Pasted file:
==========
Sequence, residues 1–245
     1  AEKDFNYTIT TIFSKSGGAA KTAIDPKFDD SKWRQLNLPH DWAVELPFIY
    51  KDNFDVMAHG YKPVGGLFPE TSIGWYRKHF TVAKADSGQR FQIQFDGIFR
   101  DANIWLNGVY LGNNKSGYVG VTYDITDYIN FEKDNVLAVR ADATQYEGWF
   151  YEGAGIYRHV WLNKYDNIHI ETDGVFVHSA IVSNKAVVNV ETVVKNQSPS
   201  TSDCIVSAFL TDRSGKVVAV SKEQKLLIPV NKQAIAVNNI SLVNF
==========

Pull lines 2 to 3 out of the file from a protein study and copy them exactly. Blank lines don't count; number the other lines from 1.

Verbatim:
     1  AEKDFNYTIT TIFSKSGGAA KTAIDPKFDD SKWRQLNLPH DWAVELPFIY
    51  KDNFDVMAHG YKPVGGLFPE TSIGWYRKHF TVAKADSGQR FQIQFDGIFR